Be ruthless about lead attribution and lead management. Have a cost-per-lead target.


Few dealerships really care about lead attribution and lead management. No one will say that they don't care, but it is unusual to see a cost-per-lead target or a cost-per-sale target baked into a business plan. It's even more unlikely that you'll see some lead quality scores set his targets, for example like the AutoPlay lead health score. Even though this is often seen as highly operational, the best dealers are always the ones that care the most about lead management, because that leads to better customer communication.


Make CRM a distinct part of your marketing mix (and ensure that you have a budget for existing customers and customer retention).


Perhaps your business has considered cost per lead, but has it considered marketing spend for existing customers? It is acknowledged that it costs significantly more money to acquire a new customer than to retain an existing customer.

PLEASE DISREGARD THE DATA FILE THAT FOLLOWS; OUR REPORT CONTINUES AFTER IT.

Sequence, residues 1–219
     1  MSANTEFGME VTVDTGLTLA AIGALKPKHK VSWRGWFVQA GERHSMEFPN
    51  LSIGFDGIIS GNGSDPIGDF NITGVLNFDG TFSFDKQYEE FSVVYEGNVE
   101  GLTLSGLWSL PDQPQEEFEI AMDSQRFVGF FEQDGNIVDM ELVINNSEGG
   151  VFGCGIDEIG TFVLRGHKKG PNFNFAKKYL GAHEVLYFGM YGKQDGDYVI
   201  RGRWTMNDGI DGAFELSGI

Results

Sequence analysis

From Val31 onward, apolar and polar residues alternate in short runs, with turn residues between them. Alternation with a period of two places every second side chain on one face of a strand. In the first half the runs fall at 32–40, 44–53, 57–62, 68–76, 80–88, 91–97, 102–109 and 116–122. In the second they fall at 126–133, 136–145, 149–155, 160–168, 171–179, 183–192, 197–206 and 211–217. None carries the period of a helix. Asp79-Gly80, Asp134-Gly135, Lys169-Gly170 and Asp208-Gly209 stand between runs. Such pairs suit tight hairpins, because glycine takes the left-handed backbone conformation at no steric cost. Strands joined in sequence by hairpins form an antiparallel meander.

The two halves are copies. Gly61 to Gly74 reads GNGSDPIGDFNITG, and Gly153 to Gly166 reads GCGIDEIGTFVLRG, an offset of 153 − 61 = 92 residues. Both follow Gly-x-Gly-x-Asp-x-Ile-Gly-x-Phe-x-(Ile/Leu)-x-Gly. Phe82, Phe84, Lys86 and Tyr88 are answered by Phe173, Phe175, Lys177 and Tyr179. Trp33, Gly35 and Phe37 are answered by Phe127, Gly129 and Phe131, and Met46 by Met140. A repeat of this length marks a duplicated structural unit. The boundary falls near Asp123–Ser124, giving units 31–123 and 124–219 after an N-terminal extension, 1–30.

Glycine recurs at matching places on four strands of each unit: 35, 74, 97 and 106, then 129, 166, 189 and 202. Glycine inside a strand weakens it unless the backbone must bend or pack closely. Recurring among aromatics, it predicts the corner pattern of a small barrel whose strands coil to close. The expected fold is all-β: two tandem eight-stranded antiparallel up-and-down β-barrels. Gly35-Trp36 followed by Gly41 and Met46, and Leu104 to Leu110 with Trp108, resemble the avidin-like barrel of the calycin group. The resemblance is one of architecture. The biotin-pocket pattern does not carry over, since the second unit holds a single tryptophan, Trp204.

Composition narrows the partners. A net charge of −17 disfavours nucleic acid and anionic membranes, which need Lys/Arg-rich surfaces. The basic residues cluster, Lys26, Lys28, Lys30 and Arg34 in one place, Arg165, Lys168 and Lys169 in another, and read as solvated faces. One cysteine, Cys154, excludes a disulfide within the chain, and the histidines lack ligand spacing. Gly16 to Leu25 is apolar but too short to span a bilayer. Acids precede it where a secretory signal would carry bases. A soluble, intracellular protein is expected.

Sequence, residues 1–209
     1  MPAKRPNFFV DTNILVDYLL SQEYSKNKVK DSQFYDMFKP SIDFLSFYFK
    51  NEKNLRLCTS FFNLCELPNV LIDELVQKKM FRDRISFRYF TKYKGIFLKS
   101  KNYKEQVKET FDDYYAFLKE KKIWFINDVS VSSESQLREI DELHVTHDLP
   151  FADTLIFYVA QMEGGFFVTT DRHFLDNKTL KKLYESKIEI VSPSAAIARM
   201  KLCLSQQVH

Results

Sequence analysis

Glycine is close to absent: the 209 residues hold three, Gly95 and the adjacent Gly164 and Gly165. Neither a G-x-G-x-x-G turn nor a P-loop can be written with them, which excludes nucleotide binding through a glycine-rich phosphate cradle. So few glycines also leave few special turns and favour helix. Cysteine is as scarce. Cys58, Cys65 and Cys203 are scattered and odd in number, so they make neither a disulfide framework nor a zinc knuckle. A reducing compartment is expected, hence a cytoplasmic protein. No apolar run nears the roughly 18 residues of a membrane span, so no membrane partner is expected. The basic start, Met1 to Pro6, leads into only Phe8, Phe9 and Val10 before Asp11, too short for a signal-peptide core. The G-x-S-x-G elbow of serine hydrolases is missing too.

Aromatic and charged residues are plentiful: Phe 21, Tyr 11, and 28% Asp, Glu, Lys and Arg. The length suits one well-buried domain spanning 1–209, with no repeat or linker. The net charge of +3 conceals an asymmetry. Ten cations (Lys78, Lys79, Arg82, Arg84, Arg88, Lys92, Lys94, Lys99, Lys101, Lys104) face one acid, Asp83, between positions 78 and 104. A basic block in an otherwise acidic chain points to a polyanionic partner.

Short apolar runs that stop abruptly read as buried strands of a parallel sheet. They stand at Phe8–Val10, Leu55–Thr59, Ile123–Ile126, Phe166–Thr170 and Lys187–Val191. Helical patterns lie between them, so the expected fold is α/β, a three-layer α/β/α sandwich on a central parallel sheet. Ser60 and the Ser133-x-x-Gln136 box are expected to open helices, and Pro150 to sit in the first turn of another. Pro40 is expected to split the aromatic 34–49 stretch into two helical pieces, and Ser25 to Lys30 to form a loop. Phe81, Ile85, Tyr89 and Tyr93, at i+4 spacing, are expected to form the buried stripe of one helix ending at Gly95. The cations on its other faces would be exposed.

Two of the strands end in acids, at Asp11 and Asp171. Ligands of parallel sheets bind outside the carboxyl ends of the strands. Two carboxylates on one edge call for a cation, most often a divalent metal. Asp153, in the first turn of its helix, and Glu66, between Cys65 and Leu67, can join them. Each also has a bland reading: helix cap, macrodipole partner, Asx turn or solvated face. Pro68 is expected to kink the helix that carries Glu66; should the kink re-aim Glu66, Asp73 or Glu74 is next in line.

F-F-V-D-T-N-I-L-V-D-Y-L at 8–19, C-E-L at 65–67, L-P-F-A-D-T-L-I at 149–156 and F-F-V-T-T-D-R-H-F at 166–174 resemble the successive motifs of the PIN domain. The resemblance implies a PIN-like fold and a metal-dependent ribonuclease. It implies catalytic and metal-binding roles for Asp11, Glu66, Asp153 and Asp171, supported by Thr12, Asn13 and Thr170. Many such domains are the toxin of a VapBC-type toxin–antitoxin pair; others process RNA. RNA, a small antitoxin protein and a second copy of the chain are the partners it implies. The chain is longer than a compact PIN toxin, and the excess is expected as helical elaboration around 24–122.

It's very easy to spend a lot of money and effort on social media. Few would argue that it shouldn't be an important part of your marketing mix. However social content should be in line with your overall marketing plan and should not sit outside it.


Don't confuse looking after existing customers with posting on social. Looking after existing customers should have higher priority and be more targeted.


Have a business improvement plan for anything that doesn’t neatly fit within a box.


Not every objective fits within the existing structure or framework, so ensure that your business has a place to capture ideas and opportunities that you can revisit when the core objectives have been planned for. Think about where you underperform. Or where your facilities are stretched.


You should ask, ‘Where do we underperform and what can we do about it?”. Ask your team, what level we should be able to achieve.


Get a customer’s viewpoint (look at Google and Facebook comments as well as service retention).